Long term weather and lake data from a high elevation lake in the Alps demonstrate that climate warming may actually improve the ability of high-altitude deep lakes to mix their waters.
Machine learning and data on aquifer type, sediment thickness, and proxies for irrigation water use has been used to produce the most comprehensive map of land subsidence in the western U.S. to date.
Inhabitants of Bangladesh have deepened drinking water wells to avoid extracting arsenic-rich groundwater from shallow aquifers, but these may not be free from pollution either.
Modeling of mysteriously fluctuating water levels in the Great Lakes has helped to optimize the prices of shipping insurance contracts along with investments in dredging navigation channels.
Simulation of charged species reactive transport in complex physically and electrostatically heterogeneous porous media is possible with a multiple continua approach coupled to a geochemical code.
Repeating a famous hillslope experiment after 55 years shows that soil properties can change within several decades and highlights the importance of a leaky boundary for hillslope drainage.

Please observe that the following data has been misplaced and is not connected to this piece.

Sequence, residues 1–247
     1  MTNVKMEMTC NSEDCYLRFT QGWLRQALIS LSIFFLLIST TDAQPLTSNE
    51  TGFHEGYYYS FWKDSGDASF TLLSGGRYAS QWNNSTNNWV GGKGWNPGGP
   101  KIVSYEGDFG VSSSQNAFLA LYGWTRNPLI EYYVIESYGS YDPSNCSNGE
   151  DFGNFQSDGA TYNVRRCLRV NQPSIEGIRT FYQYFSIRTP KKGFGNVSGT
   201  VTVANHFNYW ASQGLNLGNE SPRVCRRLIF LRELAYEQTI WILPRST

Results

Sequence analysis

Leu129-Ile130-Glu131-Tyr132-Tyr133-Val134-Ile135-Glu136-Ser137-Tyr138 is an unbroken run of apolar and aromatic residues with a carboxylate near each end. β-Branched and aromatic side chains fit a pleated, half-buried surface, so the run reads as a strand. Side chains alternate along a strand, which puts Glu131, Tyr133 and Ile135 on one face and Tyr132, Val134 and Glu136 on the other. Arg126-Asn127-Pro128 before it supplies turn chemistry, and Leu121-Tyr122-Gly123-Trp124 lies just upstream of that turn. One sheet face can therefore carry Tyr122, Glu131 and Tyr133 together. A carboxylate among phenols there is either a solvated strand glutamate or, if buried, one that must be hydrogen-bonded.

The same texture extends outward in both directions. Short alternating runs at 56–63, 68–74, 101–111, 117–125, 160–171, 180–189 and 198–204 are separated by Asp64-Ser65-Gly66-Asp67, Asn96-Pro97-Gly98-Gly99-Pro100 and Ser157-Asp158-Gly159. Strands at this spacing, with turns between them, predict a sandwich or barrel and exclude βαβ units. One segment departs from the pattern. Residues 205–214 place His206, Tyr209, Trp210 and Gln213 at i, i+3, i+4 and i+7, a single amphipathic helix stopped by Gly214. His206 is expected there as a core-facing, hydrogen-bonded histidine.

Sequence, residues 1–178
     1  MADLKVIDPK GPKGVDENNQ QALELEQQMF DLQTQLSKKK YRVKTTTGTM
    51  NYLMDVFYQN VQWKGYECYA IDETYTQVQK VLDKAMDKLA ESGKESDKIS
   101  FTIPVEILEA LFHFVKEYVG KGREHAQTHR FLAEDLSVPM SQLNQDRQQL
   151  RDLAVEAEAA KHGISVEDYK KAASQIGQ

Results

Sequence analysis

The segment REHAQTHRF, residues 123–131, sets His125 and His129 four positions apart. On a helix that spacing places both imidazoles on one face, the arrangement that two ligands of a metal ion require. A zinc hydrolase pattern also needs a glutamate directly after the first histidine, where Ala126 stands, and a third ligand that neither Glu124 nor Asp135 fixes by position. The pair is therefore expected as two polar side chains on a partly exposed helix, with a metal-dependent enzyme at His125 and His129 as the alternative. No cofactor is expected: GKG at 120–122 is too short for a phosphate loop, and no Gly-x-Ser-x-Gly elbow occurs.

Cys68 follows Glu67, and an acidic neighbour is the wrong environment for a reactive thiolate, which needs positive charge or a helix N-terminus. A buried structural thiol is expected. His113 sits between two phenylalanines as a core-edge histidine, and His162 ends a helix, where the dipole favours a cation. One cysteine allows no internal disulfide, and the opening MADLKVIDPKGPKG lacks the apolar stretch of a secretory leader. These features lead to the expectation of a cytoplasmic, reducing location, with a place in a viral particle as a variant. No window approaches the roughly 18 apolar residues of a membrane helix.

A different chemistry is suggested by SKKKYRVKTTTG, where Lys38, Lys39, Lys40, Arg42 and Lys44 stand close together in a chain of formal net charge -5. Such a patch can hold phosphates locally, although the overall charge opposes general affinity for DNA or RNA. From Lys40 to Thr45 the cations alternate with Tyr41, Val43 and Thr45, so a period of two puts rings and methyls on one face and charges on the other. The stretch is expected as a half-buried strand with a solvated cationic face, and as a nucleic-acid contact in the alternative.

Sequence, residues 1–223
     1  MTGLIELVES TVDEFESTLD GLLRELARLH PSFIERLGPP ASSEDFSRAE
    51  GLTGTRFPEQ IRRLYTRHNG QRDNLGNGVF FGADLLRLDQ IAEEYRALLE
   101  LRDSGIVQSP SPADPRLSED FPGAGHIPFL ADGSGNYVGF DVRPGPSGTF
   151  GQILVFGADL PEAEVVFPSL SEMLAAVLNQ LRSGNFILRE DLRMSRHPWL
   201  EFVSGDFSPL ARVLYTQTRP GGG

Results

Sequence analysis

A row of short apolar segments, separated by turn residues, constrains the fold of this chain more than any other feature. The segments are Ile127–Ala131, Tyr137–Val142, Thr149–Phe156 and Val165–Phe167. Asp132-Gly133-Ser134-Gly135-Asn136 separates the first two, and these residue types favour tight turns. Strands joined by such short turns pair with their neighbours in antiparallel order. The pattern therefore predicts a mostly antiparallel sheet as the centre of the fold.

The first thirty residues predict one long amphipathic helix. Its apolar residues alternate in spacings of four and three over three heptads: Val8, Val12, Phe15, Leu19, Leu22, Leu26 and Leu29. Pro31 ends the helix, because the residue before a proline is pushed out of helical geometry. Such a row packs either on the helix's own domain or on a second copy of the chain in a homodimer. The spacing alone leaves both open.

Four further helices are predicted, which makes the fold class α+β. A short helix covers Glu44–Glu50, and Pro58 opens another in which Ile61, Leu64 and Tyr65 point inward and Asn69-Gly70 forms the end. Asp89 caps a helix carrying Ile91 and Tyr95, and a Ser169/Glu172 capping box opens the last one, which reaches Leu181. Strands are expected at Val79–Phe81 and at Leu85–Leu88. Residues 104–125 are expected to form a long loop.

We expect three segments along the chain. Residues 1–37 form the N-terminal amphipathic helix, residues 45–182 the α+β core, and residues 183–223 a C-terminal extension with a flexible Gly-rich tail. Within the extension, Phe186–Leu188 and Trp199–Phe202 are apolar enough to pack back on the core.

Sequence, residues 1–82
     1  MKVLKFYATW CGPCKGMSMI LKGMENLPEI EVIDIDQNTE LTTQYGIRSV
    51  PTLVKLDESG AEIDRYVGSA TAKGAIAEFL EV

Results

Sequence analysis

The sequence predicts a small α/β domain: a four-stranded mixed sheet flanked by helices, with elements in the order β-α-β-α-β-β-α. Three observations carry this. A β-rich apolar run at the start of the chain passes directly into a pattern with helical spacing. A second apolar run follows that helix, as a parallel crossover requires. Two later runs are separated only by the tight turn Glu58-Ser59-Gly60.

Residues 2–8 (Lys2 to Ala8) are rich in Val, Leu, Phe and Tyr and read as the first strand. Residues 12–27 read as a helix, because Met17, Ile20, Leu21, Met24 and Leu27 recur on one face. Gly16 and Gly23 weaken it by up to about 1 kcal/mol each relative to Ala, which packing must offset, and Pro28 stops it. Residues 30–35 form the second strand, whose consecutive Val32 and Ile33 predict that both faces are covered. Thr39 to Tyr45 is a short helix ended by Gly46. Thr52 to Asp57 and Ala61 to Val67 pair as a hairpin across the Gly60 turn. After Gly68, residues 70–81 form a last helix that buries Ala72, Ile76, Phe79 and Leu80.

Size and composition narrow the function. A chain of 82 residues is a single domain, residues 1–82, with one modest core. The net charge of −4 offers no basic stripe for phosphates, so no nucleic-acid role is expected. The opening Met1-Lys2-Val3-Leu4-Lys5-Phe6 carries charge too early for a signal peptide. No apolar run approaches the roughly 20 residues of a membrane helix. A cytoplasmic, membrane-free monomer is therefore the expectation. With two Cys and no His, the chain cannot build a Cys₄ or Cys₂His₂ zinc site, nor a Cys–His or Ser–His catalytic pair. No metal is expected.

A new model quantifies the relative contributions of denitrification and other processes of nitrogen uptake, such as by plants, from groundwater in riparian areas around streams.
Alpine hydropower plants commonly flush sediment that accumulates at intakes, but the associated rapid rise in discharge, turbidity, and streambed instability put aquatic insects at risk.
A new research effort has mapped 35 years of naturalized streamflow for 2.94 million river reaches worldwide: an invaluable dataset for hydrology, biogeochemistry, ecology, and remote sensing.
A unique set of high-frequency groundwater level monitoring reveals a loss of approximately ten million cubic meters of groundwater after a major earthquake.